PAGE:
An hour-and-a-half passed, and the family still had not seen her. Staff couldn’t tell them where she was.
“Finally we were told she was still in the OR (operating room),” Robin said. “They were having trouble getting her to wake up and off the breathing machine … Scans showed she had had a stroke, and it had affected her left side.”
As a result, Shannan went back into the OR for surgery to address bleeding on the brain.
“Fortunately, that went well, and when they brought her back to (consciousness), she was able to come off the breathing machine,” Robin said.
She then spent four days in the ICU before moving to rehab at Cook’s.
“There they worked with her like crazy to get her to where she is,” Robin said.
Now, two weeks later, Shannan can slightly raise the affected arm.
“It’s a T-rex arm,” she said with a laugh.
She can also move her leg but not her toes or ankle. She has a brace on her left leg and as long as she has that, the help of a quad cane and the assistance of another person, she can walk.
“I always have my cane,” the upbeat teen said. “It’s my other half.”
It’s also her defense mechanism.
“I’ll cane you,” she playfully threatened her teasing sisters – Brett, 17, and Bailey, 9.
The progress, and the young teen’s cheery attitude and good spirits, are commendable.
“We’re very lucky that she’s come this far this quickly,” Robin said. “She really surprised everybody. But she has a long way to go to get back to her normal self … There will be a lot of adjustments and changes.”
THE ROAD AHEAD
Shannan has to follow the two-foot rule, which means no running, no jumping, nothing that would cause her to hit her head.
She’ll get to start school with everybody else but will be very limited.
“She has not lost anything she learned before, but learning new things will be harder because it will be harder for her to focus,” Robin said. “She’ll need more time to process everything. Instead of taking notes during class, she’ll have to have the notes already written so she can pay attention to the teacher.”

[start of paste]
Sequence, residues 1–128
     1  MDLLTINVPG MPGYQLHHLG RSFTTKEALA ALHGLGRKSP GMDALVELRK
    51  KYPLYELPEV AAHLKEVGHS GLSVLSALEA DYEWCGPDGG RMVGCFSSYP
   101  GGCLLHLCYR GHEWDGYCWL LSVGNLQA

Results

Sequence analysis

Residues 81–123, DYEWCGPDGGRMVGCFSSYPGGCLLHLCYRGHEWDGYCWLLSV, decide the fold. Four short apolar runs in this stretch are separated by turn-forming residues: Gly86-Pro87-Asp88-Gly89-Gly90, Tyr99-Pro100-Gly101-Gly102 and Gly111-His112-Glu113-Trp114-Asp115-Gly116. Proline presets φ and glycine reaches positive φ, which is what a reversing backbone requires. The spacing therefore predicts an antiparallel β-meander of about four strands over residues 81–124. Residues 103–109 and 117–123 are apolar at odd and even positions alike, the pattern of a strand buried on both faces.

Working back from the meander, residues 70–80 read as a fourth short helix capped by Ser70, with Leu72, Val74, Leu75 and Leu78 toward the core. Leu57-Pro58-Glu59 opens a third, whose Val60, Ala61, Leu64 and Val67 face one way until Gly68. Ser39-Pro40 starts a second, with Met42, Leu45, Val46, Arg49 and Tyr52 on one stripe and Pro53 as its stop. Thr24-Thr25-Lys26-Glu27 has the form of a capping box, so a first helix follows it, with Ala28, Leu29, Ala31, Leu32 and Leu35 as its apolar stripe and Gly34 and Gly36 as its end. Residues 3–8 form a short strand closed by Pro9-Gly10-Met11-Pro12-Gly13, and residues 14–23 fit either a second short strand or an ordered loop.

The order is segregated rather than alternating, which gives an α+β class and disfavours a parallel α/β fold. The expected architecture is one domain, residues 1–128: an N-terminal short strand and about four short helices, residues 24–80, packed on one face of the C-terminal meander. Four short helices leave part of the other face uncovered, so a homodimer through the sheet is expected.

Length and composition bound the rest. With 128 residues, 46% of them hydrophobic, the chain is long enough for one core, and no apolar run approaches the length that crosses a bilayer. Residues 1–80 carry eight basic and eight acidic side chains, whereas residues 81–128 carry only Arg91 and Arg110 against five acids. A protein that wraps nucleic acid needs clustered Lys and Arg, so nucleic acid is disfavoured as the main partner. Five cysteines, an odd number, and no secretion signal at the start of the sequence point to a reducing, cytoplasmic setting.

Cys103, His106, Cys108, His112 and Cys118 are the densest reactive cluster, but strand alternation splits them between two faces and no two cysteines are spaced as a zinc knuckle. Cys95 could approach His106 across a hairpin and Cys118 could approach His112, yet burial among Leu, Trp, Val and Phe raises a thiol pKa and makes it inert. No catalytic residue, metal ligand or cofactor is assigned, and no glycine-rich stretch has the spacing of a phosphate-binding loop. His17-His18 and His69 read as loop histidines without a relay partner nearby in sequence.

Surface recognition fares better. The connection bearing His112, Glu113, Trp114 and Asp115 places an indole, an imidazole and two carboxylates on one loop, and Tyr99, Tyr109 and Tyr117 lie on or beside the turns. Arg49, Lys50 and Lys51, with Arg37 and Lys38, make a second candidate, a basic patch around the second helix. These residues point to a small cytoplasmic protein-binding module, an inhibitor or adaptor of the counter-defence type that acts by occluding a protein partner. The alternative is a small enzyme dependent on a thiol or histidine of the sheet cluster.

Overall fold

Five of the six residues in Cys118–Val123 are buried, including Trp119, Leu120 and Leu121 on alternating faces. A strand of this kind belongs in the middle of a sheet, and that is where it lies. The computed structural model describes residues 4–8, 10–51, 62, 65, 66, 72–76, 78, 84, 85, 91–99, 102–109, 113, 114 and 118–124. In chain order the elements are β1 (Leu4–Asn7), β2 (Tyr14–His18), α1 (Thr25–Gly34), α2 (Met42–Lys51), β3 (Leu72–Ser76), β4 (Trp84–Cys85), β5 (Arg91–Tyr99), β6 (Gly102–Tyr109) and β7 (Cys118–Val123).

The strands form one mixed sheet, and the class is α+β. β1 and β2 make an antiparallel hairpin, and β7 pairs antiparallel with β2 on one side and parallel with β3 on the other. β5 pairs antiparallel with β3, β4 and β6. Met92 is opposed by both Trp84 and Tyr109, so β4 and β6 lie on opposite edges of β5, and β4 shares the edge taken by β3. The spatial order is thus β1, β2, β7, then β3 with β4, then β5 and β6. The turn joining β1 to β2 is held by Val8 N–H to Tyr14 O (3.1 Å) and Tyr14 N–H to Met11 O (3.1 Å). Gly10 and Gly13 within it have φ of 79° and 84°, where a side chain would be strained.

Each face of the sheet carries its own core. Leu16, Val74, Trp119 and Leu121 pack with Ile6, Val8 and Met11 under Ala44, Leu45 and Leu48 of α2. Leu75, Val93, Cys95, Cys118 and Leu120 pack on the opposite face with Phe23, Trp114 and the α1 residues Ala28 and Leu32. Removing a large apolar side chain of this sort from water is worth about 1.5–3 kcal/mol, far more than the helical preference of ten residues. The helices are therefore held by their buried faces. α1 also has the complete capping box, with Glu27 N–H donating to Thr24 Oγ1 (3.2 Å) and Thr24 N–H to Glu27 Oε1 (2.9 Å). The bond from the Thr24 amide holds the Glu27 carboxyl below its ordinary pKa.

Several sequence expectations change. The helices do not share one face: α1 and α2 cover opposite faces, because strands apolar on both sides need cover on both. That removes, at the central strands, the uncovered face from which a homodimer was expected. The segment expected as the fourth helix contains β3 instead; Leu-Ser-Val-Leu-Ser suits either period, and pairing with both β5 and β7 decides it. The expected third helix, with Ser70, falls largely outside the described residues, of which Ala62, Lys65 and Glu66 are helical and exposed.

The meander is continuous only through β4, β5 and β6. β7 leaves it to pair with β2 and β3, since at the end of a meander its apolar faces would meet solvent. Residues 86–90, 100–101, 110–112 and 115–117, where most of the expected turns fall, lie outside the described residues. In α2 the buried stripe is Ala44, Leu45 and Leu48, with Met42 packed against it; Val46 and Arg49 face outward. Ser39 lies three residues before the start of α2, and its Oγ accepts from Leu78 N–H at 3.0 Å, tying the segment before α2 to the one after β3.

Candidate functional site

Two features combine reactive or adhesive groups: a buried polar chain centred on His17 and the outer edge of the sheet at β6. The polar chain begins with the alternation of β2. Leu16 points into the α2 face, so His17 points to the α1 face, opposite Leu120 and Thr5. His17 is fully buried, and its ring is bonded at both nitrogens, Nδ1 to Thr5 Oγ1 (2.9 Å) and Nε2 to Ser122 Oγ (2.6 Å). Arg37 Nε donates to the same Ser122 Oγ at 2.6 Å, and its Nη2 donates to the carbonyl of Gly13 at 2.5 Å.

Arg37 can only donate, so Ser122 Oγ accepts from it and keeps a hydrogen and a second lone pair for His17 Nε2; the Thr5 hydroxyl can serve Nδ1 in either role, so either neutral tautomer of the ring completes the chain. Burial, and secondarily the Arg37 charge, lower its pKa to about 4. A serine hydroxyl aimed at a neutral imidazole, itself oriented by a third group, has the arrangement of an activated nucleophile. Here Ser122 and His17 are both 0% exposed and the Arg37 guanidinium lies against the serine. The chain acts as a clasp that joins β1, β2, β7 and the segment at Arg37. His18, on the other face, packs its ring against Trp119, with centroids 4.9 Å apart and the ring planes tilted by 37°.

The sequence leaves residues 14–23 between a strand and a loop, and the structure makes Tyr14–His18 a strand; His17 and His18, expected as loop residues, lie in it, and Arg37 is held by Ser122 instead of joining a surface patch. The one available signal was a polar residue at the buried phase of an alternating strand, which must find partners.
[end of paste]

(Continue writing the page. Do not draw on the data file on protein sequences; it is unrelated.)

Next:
Shannan may also be restricted to half-days of school.
“It just depends on what we can work out with the school and her therapy,” Robin said.
Shannan is slated to begin physical, speech and occupational therapy in Denton next month. The frequency and intensity of the therapy is contingent on an evaluation to be performed then.
“Regardless, doctors told us it will be about a year of hard, hard work to get to where she needs to be,” Robin said. “It’ll take about a year before she’s back to herself.”
Of course, Robin refers to the physical limitations. Her daughter’s positive attitude and optimism have not been rocked.
“She has a strong faith in God, which has played a big role in her recovery,” Robin said. “Not once has she cried; not once has she asked, ‘Why me?’ She does not feel bad about it. She is confident that it’ll all come back. She never asked, ‘What’s going on?’ She just knew she couldn’t move her left side, and she knew she had to work hard to get the feeling and movement back.”
“What else can I do about it?” Shannan asked. “God has a plan. Somewhere around here, something good is going to come out of this.”
In the meantime, the courageous teen will focus on her next goal – suiting up and playing basketball for the Bridgeport Sissies next year as a freshman.
benefiting Shannan White
Saturday, Aug. 17
at Lawdwin Ballfields
Call 940-613-9921 to register
There will be auctions, raffles, a concession stand and T-shirts for sale.